There’s nothing wrong with wanting to Be Someone like Winston Churchill. I think highly enough of him that I named my firstborn son after him (pictured right). There’s nothing wrong with aspiring to greatness, or with seeking reputation. The desire to have an impact on the world usually comes from a good place.

But in seeking to promote our brands, in our search for greater impact and influence, we are doing a lot of things that are killing our ability to have real dialogue with one another. As we grapple with how to break ourselves out of the Competitive Game we’re being forced into, we must also understand the forces that are keeping us there. Here are some of the ways in which our desire for our small voice to have an impact among 7 billion others is keeping us there instead.

The Principal / Agent Problem in Media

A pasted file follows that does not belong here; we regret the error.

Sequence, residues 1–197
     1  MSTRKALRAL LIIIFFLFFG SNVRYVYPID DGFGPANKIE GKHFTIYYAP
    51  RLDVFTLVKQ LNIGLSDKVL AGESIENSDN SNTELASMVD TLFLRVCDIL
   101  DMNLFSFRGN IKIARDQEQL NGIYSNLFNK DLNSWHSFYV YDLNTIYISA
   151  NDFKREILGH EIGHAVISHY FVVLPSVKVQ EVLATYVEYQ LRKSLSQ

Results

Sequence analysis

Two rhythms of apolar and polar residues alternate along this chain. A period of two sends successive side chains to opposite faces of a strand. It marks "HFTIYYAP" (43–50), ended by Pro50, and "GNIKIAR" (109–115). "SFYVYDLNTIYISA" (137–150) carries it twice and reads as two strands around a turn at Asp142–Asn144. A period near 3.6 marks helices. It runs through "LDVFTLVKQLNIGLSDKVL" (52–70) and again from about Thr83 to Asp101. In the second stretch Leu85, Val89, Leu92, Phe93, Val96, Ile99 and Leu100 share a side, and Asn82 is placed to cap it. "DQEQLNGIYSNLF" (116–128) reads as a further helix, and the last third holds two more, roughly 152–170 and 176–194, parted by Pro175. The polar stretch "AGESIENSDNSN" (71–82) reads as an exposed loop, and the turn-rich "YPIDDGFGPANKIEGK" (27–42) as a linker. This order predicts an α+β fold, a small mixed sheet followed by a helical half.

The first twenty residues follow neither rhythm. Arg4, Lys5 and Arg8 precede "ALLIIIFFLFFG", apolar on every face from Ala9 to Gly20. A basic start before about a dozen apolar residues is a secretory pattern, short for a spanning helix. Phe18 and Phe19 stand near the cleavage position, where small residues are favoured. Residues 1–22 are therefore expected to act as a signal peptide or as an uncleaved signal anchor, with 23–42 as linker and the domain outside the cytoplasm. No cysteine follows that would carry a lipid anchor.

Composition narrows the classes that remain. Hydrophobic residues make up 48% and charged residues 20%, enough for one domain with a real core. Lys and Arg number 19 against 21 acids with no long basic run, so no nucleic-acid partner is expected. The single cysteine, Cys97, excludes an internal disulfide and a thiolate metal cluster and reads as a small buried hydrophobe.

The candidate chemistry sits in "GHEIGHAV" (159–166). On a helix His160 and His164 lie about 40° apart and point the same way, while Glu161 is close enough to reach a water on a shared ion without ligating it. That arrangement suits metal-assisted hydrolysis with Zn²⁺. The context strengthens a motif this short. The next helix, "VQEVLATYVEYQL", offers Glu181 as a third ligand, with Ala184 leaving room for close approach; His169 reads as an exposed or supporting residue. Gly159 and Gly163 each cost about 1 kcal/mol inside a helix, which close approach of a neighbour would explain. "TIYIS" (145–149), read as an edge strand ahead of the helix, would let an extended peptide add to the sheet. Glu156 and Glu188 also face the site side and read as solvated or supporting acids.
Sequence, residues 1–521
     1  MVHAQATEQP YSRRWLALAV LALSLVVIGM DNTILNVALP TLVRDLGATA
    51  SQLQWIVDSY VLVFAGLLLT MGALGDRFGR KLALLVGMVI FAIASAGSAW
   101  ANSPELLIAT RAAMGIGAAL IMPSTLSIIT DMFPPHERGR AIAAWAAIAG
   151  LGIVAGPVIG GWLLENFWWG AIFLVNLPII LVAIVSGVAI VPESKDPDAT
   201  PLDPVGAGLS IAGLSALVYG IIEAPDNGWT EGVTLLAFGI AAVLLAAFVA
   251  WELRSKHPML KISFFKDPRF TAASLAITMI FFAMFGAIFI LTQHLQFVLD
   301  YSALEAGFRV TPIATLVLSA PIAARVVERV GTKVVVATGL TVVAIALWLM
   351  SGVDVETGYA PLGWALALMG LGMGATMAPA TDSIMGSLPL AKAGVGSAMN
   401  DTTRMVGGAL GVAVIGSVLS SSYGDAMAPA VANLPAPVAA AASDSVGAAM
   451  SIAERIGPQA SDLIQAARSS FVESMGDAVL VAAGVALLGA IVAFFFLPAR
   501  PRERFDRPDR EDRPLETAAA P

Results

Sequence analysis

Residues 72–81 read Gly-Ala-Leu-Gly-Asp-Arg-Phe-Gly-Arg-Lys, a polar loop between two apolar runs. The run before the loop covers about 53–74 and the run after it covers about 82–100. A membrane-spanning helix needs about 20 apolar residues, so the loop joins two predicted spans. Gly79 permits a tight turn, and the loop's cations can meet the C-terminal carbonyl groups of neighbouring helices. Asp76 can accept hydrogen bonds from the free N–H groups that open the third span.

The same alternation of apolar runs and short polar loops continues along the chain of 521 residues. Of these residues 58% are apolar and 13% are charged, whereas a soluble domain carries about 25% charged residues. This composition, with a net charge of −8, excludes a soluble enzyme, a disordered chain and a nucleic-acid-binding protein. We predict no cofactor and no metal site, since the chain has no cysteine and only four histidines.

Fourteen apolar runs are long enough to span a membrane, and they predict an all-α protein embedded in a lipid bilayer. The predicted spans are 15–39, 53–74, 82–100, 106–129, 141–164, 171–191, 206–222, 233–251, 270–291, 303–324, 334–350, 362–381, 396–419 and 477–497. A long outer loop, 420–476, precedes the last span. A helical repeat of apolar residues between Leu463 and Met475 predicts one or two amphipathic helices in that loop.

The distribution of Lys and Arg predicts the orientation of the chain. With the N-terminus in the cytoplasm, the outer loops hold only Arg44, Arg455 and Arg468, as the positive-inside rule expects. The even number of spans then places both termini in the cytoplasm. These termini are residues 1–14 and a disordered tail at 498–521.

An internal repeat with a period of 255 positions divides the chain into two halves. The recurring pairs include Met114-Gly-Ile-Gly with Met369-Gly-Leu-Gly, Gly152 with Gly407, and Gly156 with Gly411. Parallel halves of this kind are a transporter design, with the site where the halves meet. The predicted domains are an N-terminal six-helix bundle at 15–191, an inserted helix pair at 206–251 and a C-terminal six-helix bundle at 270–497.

In Fiat Money, Fiat News, Ben discussed how, in the same way that bad money drives good money out of circulation, fake news drives real news out of circulation. Like money, this can manifest itself in two ways: through true counterfeiting of the news itself, or through biased presentations of facts published as advocacy by institutions acting as principals. In other words, fiat news. Some of those institutions are sovereign entities like, say, Russia that have an interest in promoting their interests through both fake and fiat channels. But some, probably most, of those in the business of fiat news are the media outlets themselves.

The media’s indispensable function is its ability to make available information that others do not want disseminated, especially when those others are governments, corporations and other powerful entities and individuals. In this function, journalists act as agents for the public, and do it a significant service. In some cases, that service really changed the world. The intent was to reveal and inform, and the outcome was a shift in the course of history.